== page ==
Posner was so aggressive in his skeptical questioning that at one point Estrada said, “If I could be permitted three sentences to respond, I’d be appreciative.” Later Posner cut off one of his arguments saying, “That does not make any sense.”
Posner seemed to have made up his mind: “If a rational jury could only have found guilt on theft, then the instructional error drops out.” When Estrada tried to argue that was not so, Posner interjected: “The jury in finding it was a fraud rejected your accident theory and I don’t know what else there is to say about this.”
Estrada tried to illustrate his argument that the jury could have convicted on an alternative theory of fraud—honest services—that did not need to involve a finding of theft and that the Supreme Court had since struck down. When he began asking the judges to visualize the alternative theories of fraud as a series of Venn diagrams, Posner waved him off impatiently, “You’ve lost me.”
When Estrada began to argue that the government had led the jury to believe they could convict the defendants of fraud merely for their failure to disclose the transaction, Posner told him that was not the argument in the brief, and moved on to the next issue: Black’s conviction for obstruction of justice for removing 13 boxes of documents from his Toronto office.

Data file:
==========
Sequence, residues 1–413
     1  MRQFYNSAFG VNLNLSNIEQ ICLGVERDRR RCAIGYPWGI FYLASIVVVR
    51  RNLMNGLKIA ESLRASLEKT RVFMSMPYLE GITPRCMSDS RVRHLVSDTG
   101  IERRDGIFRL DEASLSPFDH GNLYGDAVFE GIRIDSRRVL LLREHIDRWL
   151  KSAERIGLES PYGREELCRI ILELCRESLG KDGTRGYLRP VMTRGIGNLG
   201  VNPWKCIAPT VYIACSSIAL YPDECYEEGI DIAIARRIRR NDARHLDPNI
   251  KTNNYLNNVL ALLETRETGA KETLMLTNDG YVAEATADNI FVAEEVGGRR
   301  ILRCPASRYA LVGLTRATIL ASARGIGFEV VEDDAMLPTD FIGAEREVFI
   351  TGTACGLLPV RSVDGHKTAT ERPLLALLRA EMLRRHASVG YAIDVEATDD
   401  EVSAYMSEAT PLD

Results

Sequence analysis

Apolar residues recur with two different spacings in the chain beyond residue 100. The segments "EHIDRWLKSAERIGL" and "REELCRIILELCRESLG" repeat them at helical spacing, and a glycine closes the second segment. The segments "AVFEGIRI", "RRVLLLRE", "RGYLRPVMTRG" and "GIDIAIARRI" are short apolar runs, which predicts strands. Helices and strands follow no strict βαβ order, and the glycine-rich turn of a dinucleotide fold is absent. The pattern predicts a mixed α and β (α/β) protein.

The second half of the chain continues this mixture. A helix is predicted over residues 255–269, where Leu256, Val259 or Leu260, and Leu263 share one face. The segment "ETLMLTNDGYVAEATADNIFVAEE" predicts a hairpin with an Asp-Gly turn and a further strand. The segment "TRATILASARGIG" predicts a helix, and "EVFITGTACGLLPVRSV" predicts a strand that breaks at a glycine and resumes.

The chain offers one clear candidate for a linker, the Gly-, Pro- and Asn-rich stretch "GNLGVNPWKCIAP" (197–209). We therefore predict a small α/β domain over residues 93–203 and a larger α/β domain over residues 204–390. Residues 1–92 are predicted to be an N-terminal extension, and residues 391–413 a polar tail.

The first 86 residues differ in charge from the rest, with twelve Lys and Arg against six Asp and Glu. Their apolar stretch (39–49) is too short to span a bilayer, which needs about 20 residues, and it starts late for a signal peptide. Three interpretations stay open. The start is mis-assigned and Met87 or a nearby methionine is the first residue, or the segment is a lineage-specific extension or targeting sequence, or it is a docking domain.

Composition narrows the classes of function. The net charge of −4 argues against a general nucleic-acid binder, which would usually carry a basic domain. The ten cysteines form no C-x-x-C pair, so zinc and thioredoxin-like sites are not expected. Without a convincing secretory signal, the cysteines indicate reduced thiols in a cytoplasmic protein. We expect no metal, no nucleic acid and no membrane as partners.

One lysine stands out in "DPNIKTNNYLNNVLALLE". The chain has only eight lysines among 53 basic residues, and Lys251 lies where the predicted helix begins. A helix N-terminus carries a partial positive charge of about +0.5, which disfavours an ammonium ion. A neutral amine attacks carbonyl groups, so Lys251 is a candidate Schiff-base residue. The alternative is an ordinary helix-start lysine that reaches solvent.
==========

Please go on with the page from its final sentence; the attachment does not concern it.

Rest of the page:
Estrada argued that Black acted without any criminal intent in removing the boxes—he was merely clearing out his office because he was being evicted. But much of the evidence on the now-invalid honest services charge could have led the jury to believe that he was trying to hide something. But Posner was again skeptical, telling Estrada, “I don’t understand your argument on obstruction of justice,” and “I don’t see a connection” between honest services fraud and the obstruction conviction. Estrada argued that a jury is more likely to convict of obstruction if they think the defendant is guilty of a crime, but Posner appeared unconvinced. Posner said “There is certainly corrupt intent,” and “there is plenty of evidence” that Black acted with corrupt intent in removing 13 boxes from his office. At one point, Estrada told him, “It’s difficult to understate the circularity of that argument.”
At this point, Judge Diane Sykes, spoke up and suggested that it would be reasonable to assume that the jury was persuaded by the video tape of Black removing boxes: “On the obstruction count there was visual evidence,” she said. “And visual evidence is very powerful.” (Later in the hearing, the third judge, Michael Kanne, asked a few questions about the boxes: Did they contain documents not relating to the charges? Were the security cameras Black pointed to operating?)